Bernie Sanders gets better of Hillary Clinton in West Virginia

US Democratic presidential candidate Bernie Sanders addresses a campaign rally in Salem, Oregon. Picture: AFP/Getty

US Democratic presidential candidate Bernie Sanders addresses a campaign rally in Salem, Oregon. Picture: AFP/Getty

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Democratic presidential candidate Bernie Sanders celebrated his primary win in West Virginia by telling a rally that “we have an uphill climb ahead of us but we are used to fighting uphill climbs.”

Sanders said to loud cheers in Salem, Oregon that a host of polls, both nationally and in various states, shows he’d do better than Hillary Clinton in an Autumn election campaign against Republican presidential candidate Donald Trump.

The Vermont senator declared that “we are going to fight for every last vote” and will take his campaign to the party’s convention in Philadelphia in July.

Sanders said his campaign “is generating the energy and enthusiasm that we need to have a large voter turnout in November.”

And he added that “while we may have many differences with Hillary Clinton, there is one area on which we agree, and that is that we must defeat Donald Trump.”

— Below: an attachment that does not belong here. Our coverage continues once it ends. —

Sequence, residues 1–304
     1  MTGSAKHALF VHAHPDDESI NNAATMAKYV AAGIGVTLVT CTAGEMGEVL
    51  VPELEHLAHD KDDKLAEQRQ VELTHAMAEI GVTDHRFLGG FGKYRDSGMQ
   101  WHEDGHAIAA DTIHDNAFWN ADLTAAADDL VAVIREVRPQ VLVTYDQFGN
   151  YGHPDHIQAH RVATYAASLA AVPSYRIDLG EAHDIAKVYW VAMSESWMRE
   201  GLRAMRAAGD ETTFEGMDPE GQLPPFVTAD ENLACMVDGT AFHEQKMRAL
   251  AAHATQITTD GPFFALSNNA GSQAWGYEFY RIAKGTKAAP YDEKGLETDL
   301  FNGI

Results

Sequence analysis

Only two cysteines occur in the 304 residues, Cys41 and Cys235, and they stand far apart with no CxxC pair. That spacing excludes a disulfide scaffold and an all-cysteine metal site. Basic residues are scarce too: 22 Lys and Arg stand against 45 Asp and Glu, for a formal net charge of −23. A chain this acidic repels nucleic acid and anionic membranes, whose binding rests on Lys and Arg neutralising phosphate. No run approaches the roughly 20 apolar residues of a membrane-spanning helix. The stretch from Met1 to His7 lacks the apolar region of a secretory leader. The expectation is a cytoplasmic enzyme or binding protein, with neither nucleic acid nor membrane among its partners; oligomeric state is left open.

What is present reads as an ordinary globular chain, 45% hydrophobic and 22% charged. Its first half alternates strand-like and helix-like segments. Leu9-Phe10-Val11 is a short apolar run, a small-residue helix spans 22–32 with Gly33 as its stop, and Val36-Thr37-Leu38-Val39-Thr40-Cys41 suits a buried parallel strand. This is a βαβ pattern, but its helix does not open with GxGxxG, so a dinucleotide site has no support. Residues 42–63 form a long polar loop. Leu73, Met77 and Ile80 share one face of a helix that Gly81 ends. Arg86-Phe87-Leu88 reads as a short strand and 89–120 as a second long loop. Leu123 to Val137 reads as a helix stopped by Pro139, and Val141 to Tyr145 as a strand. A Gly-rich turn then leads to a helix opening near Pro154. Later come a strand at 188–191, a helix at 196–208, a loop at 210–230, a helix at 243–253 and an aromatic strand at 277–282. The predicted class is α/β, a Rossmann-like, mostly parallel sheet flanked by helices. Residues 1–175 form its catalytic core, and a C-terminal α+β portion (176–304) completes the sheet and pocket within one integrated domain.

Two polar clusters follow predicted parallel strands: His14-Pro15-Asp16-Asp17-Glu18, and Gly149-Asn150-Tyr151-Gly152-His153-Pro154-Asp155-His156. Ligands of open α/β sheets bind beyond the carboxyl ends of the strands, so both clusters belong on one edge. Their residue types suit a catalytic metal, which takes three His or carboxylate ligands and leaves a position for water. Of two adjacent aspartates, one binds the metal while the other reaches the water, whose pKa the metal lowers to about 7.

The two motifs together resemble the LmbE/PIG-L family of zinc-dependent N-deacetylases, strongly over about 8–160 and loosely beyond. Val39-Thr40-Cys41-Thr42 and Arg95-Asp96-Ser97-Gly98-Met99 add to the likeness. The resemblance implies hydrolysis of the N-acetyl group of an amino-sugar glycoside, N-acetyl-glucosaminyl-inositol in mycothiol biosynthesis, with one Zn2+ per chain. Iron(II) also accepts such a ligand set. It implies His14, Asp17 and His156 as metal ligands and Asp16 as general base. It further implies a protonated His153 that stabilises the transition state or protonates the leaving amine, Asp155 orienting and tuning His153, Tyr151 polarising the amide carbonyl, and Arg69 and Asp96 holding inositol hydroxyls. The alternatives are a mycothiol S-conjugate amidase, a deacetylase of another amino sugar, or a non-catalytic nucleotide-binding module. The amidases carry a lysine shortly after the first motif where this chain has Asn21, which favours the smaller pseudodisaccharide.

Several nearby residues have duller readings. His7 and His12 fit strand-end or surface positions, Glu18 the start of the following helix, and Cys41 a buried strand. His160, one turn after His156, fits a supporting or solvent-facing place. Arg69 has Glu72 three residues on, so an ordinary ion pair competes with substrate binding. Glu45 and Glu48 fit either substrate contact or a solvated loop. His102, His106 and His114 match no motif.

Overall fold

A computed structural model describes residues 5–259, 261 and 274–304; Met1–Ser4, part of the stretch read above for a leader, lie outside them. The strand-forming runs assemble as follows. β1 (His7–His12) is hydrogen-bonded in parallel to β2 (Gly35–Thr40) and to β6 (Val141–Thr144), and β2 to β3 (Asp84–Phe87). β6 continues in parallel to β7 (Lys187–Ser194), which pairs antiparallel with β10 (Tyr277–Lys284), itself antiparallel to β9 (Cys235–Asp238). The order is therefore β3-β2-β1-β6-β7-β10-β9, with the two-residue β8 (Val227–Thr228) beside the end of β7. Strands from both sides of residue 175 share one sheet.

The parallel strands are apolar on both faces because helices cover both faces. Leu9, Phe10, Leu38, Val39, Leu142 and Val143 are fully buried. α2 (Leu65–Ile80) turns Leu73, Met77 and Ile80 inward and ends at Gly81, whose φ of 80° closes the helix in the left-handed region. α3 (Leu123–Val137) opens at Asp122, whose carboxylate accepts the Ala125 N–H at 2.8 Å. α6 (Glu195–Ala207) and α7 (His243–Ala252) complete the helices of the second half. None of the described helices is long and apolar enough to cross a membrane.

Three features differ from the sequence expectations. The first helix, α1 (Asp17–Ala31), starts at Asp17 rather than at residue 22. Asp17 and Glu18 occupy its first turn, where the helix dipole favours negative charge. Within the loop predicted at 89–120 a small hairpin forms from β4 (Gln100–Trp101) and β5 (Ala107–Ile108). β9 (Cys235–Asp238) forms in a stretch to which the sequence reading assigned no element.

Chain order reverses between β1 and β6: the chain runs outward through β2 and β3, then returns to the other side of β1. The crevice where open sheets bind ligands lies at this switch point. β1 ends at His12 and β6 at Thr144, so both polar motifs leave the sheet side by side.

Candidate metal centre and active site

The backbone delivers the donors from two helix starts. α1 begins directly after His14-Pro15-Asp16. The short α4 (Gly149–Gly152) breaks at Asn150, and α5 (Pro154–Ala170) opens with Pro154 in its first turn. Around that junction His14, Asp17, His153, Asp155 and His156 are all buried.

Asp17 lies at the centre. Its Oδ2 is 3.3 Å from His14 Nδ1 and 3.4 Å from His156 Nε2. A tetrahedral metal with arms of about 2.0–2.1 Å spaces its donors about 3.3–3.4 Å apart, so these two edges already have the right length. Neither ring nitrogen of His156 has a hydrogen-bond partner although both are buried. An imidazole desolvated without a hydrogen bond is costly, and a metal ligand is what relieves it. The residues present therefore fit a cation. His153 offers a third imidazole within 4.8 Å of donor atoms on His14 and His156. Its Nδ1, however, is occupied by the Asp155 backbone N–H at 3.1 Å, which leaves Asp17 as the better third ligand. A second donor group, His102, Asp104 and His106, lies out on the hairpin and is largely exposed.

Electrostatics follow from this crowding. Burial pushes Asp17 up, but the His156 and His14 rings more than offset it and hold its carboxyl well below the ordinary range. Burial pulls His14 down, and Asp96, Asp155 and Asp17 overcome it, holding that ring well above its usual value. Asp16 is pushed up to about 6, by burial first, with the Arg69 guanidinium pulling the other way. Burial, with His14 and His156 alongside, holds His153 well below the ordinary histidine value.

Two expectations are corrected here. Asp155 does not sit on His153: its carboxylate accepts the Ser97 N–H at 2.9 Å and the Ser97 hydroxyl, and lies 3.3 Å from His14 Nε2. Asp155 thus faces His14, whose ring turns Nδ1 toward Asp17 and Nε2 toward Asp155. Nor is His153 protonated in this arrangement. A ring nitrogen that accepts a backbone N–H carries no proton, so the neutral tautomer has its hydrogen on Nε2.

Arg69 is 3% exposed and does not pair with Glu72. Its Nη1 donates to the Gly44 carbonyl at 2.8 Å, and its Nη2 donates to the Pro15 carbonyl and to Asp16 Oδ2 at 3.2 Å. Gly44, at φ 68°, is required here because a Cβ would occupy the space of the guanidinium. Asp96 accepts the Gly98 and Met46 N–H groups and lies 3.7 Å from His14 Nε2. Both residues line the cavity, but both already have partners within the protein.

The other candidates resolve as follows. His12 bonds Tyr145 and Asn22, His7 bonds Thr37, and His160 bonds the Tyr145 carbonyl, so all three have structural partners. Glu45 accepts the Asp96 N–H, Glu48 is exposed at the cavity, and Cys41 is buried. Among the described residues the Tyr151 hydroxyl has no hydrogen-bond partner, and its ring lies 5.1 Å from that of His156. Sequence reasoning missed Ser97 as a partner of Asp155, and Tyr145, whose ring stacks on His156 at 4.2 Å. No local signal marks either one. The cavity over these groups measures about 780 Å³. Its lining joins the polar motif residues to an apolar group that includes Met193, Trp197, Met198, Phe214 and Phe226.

Based on primaries and caucuses to date, Clinton has 1,716 delegates to Sanders’ 1,430.

He still needs to win 66 per cent of the remaining primary and caucus delegates if he hopes to overtake her –a figure that didn’t change on Tuesday.

When including the party officials known as superdelegates who can back any candidate, Clinton has 2,239 delegates to Sanders’ 1,469.

Just 144 delegates short, Clinton remains on track to reach the 2,383 delegates needed to win the nomination early next month.

Meanwhile Donald Trump has won nearly the all the delegates who were at stake in the West Virginia and Nebraska primaries.

Overall, Trump now has 1,135 delegates, 92 per cent of what he needs for the Republican presidential nomination. He won all 36 delegates in Nebraska in Tuesday’s contest and 31 of the 34 delegates at stake in West Virginia.

Mr Trump still faces a huge task in trying to get the Republican party behind him, as doubts persist about his substance and style.

House Speaker Paul Ryan, the party’s highest-ranking elected official, has said he is unable to endorse him because he lacks conservative principles.

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